Lower House wants to speed up vote on bill that creates Bolsonaro’s “secret police”

The authoritarian proposal from the government’s support base sets up a parallel surveillance system under the control of the President of the Republic and creates mechanisms for the persecution of opponents

The Lower House of Congress is expected to vote today, December 1, a request to fast track Bill No. 1595/2019 that deals with “counter-terrorist actions”. Drafted by Congressman Major Vitor Hugo, the bill establishes, among other things, the creation of a “secret police” made up of State bodies and directly controlled by the President of the Republic. If the request is approved, it could speed up the entry of the bill onto the house’s voting agenda. 

Approved in a special committee of the Lower House in September this year, Bill 1595/2019 uses vague “counter-terrorist” justifications to create mechanisms that can criminalize social movements and other organizations, expand unconstitutional surveillance and exempt government agents who commit crimes. The bill is a rewriting of a proposal submitted in 2016 by President Jair Bolsonaro when he was a federal congressman.

This Wednesday, December 1, more than 100 civil society organizations, which had already expressed their opposition to the bill on a previous occasion, launched the campaign “Struggle is not a Crime” to try to stop the passage of the legislation through the National Congress.

Bolsonaro’s “secret police”

According to the organizations, the most critical aspect of the bill is the creation of a National Counter-Terrorism System and a National Counter-Terrorism Policy, which will be established by the Institutional Security Office of the Presidency of the Republic. These mechanisms will have the purpose of coordinating the preparation and employment of military, police and intelligence units in counter-terrorist actions and they will provide information for possible decrees for federal intervention, state of defense or state of siege in the event of “repressive actions in national territory”. 

In practice, the project creates a “secret police” formed by the Armed Forces, the Federal Police and ABIN (Brazilian Intelligence Agency), under the direct control of the President of the Republic, which will have broad access to private data and privileged information on all citizens, especially opponents of the government.

The creation of this mechanism is even more alarming at a time when the stigmatization, persecution and criminalization of dissenting voices and social movements in Brazil has been encouraged by political leaders linked to the federal government. Added to this situation is the arbitrary and abusive use of existing criminal legislation by President Jair Bolsonaro to intimidate opponents, social leaders, journalists and lawyers. Two of the best-known cases are the indigenous leader Sônia Guajajara and the social media commentator Felipe Neto, who were both prosecuted under the now-extinct National Security Law for criticizing the President of the Republic.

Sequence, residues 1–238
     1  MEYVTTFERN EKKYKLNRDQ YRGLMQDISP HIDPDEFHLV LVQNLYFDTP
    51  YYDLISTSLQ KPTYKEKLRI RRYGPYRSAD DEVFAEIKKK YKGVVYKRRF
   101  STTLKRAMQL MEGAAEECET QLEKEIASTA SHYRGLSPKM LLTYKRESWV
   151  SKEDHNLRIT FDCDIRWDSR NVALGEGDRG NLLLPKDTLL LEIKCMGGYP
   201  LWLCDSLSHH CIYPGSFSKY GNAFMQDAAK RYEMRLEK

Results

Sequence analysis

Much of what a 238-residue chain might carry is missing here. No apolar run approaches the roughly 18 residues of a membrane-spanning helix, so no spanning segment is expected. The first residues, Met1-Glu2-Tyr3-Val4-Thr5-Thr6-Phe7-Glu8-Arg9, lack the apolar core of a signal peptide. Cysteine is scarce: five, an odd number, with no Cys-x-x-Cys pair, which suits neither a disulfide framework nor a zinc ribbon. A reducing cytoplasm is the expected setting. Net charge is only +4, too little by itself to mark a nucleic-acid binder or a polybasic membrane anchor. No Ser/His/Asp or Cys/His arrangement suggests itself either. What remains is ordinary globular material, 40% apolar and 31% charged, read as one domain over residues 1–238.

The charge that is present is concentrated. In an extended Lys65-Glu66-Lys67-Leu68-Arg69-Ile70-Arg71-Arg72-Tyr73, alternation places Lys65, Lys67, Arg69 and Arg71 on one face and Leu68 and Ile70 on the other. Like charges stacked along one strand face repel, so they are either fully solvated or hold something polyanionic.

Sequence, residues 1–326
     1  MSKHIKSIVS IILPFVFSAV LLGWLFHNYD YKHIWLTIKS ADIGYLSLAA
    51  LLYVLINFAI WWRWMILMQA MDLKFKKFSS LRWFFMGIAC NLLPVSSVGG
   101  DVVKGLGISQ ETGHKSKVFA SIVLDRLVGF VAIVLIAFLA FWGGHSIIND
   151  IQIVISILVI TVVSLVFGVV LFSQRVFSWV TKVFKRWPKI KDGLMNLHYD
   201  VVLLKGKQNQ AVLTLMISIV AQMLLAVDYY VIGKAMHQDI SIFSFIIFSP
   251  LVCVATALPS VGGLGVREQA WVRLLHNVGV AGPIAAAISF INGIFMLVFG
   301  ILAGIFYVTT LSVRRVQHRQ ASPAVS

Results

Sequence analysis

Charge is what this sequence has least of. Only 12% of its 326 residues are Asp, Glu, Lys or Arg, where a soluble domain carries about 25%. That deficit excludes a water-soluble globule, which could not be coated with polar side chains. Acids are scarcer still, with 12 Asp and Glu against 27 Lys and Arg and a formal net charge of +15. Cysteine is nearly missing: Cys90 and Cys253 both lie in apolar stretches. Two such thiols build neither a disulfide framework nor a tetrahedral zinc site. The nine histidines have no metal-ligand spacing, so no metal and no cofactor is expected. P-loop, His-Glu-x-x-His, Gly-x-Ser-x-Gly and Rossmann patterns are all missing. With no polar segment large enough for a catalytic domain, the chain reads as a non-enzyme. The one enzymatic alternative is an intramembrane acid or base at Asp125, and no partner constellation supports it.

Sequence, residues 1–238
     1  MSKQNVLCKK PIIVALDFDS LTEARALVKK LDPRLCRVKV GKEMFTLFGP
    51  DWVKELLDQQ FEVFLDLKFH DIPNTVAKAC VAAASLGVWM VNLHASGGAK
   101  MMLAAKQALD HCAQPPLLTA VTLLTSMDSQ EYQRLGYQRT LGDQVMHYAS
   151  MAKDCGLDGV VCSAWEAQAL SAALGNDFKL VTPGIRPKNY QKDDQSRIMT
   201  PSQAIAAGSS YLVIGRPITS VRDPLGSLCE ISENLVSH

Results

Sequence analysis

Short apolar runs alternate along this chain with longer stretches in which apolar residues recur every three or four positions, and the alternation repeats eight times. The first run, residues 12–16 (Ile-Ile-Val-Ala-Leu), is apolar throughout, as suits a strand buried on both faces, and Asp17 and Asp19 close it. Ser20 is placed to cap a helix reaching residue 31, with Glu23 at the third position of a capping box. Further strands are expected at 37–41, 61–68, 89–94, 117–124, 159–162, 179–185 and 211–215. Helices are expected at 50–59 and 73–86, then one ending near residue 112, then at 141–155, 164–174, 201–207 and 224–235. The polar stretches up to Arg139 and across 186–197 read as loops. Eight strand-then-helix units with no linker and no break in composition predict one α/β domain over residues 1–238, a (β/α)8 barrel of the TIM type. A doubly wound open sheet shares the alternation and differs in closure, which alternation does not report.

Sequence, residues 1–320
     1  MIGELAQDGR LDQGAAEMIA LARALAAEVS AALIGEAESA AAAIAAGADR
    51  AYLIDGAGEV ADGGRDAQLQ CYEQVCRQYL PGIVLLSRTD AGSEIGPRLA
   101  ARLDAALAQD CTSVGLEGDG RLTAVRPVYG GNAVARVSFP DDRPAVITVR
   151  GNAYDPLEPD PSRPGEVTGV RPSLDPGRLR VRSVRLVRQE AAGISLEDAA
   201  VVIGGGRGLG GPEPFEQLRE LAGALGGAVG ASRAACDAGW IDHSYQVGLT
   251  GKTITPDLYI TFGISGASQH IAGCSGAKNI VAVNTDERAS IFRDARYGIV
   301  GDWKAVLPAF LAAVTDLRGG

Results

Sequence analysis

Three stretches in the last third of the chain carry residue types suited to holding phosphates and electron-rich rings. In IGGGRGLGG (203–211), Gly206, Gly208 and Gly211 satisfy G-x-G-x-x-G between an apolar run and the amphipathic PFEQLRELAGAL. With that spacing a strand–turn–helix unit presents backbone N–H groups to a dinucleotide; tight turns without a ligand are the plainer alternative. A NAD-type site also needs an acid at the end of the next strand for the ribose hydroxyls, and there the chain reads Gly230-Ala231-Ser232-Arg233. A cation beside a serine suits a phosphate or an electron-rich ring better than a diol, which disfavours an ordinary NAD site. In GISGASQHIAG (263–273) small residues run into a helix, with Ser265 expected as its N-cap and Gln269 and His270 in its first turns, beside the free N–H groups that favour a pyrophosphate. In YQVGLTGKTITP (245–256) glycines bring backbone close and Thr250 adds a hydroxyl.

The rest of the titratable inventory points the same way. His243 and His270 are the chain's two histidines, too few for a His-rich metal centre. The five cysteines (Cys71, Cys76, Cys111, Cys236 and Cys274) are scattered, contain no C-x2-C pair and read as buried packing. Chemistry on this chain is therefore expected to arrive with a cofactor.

Therefore, the Brazilian Congress, in alignment with this authoritarian process, has been making attempts to expand anti-terrorism legislation that could step up the persecution of opponents of the Bolsonaro government, especially in the context of the 2022 elections.

Broad concept of terrorism

In addition to creating a “secret police”, the bill establishes a concept of terrorism that is based on broad and poorly defined criteria. In a technical report on the bill, Conectas, the Criminal Justice Network and the Brazilian Criminal Sciences Institute stated that “in this proposal, there is no element that differentiates an ‘act of terrorism’ from common crimes, as the only requirements to constitute such an act are that they be ‘hostile to human life or effectively destructive in relation to any critical infrastructure, essential public service or key resource’. Furthermore, these acts do not even need to materialize, since it is enough for the agent to ‘appear to have the intention’ of causing them”. 

The bill also authorizes the investigation and punishment of so-called “preparatory acts”. In other words, it creates forms of police intervention without the need for a crime to actually have happened, as mere intentions can be considered crimes. Another problematic aspect of the bill is the part that states that if a government agent, in legitimate self-defense, causes the death or injury of people in a counter-terrorist action, they may be exempt from liability. 

United Nations Special Rapporteurs have already requested that Brazil not proceed with the passage of the bill during the Covid-19 pandemic, due to the high risks it poses to fundamental rights, in particular freedom of expression and association. In September, the United Nations High Commissioner for Human Rights, Michelle Bachelet, expressed concern over the bill and warned about possible abuses against social activists and human rights defenders if the proposal is approved by Congress. 

Find out more

Receive Conectas updates by email